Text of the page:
Leave it to the bloggers to do a better job covering the RestoreUS.org candidate forum than the old media. Actually, I can’t really say bloggers had “better” coverage, as their’s was the only coverage of the event – although the local reporter for the Baltimore Examiner was apparently in attendance.
I was the only Howard County blogger to not attend the festivities. Despite my strong desire to watch the maturity level in the room drop as the questions dragged on, I thought having all four of us in the same place at the same time might result in a “crossing the streams” scenario, something you only want to invoke with the totality of human existence hangs in the balance.
Actually, that’s not why I didn’t go and neither was my fear of revealing my tightly-guarded true identity (I have many disguises for that). I didn’t go because, quite simply, I had something much more important going on (and yes, there are things more important than local politics…I think). If I told you what I was doing, you would surely agree with my decision, but some of my anonymity would likely fade at the same time. One day, maybe soon, I’ll stop playing this game and come out with it, at which time I’ll share with you the fuzzy details of my absence from the forum and blogging last night.
Anyway, so what went down? David Wissing and Howard County Blog #1 have posted lengthy recaps, while Evan Coren at Howard County Blog #2 promises more details tonight. From what I gather, there wasn’t much new on the county executive front. Here’s Wissing’s take:
…Merdon and Ulman began the question and answer period attacking each other and pretty much kept it up throughout the entire forum. Merdon mainly focused on Ulman’s lack of management experience while Ulman spent most of his time criticizing Merdon’s past votes on a myriad of topics. Frankly, it is stuff I’ve heard over and over again from both sides, so there really wasn’t anything new for me to really learn.That’s not terribly surprising. When you spend as much time following local politics as we do, things begin to sound a little repetitive. HCB1, on the other hand, highlighted a question about leadership.
Merdon sounded like someone who has been managing a great deal of people for a long time. The principles he articulated (rather easily as an experienced manager should).Lost in my snarky post from last week about a different candidate forum was my belief that Merdon’s leadership “dog” just won’t hunt. Business management experience does not guarantee one will be an effective leader, nor does it guarantee one will have any idea how to handle the different management style of government. Leadership is for the most part a quality that either you have or you don’t. Managing is something you can learn.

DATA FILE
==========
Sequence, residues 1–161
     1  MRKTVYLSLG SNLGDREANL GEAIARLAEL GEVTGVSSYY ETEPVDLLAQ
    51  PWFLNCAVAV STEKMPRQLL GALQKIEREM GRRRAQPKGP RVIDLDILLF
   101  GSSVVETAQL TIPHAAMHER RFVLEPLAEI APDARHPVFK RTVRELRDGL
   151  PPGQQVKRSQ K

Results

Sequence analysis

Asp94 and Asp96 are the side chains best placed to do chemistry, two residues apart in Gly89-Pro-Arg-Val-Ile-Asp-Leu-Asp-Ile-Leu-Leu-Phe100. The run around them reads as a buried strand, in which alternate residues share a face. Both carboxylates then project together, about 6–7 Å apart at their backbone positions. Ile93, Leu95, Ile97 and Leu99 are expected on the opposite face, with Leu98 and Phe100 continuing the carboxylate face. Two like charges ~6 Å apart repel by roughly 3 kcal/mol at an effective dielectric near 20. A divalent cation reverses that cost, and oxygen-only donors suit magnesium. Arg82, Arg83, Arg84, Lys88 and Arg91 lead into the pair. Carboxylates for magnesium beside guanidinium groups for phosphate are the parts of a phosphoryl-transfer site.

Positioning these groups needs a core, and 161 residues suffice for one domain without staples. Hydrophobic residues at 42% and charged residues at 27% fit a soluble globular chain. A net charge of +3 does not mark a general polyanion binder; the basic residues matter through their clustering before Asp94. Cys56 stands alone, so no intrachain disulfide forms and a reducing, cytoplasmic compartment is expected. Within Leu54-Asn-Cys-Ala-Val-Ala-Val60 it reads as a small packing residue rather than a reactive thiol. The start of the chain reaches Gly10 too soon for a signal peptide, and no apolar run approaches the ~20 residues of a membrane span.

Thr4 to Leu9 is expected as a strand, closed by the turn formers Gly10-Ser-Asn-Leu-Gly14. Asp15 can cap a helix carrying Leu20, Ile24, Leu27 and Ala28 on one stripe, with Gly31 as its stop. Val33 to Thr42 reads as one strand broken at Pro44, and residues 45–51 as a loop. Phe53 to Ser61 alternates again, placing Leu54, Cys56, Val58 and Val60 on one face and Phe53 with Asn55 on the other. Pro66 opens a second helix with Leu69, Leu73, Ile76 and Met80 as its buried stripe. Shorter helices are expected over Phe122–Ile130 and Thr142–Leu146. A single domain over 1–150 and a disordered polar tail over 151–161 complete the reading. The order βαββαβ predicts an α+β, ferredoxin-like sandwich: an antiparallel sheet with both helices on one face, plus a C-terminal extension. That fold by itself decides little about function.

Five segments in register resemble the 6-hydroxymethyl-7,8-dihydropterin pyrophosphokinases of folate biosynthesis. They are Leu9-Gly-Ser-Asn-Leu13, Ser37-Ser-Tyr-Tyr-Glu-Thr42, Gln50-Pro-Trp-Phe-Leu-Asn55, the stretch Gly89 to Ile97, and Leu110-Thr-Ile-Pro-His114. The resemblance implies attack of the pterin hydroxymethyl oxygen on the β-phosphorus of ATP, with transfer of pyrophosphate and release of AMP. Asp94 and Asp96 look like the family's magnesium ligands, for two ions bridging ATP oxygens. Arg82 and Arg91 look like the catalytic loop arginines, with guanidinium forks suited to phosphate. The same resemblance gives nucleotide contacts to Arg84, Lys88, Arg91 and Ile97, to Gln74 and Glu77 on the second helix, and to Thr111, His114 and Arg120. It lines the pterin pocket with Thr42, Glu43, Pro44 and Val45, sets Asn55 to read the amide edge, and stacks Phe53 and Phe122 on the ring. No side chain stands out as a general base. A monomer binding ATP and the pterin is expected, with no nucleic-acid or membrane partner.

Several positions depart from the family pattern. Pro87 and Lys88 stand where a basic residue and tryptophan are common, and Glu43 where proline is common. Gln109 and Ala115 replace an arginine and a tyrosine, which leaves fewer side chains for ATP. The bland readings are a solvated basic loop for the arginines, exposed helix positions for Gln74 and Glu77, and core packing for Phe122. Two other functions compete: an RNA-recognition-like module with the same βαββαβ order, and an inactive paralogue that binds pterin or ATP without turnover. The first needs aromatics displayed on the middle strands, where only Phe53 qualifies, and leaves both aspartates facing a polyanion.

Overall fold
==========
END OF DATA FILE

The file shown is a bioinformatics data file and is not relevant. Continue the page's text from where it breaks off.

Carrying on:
Lead by example. The people one leads look and expect that in a leader so don’t shy away from it. Set annual goals, reach out and communicate with employees, set direction but seek input so all employees feel that they own the goals and the results. In Government it is slightly different. The County Executive also has to lead the citizens and that requires disappointing some people some times, especially when hard decisions are required. Merdon launched into his resume and management experience in a Fortune 500 company, and the difficulty of managing over 2,000 county employees and 23 various departments, and a $1 billion budget.
Ulman thinks that character is more important than management experience. He would appoint strong directors to the County Agencies. Sorry, a very weak answer. Yes, character counts – Merdon has a great deal of character. Harry Dunbar is a character. Character is not leadership.
We have plenty of people managing our county government, but we only have one person leading it. It is up to the leader – the county executive – to ensure that we have the right managers, not to oversee the actions of every individual employee. Bureaucracy breeds over- or micro-management. In short, we don’t need more management. We need more leadership. Let’s not confuse the two.
I’m glad to see that both bloggers were glad to see the issue of politicizing the county website was only briefly touched upon. Let’s just forget it was even brought up.
I’m also glad to see they both had interesting takes on Harry Dunbar, someone I assume neither has had the opportunity to see before. As you can see above, HCB1 refers to him kindly as “character,” while Wissing had this to say:
Meanwhile, and I hate to say this about someone running for office because I am sure he really believes what he is saying, but Harry Dunbar pretty much provided the comic relief for the night and not much else. Dunbar’s entire campaign is based on one issue, slow growth, and spent the entire debate criticizing both Ulman and Merdon for their votes and touting his website.I find it hard to be critical about Dunbar for the same reason Wissing does: he is refreshingly earnest. But that doesn’t make him right.
Following the portion of the forum involving the county executive candidates, the candidates for the District 5 council seat took the stage, and HCB1 even got to act as a moderator. For more about this portion, I’m afraid you’re going to have to go straight to the horses' mouths, here and here and, soon enough, here. For now, I have to run.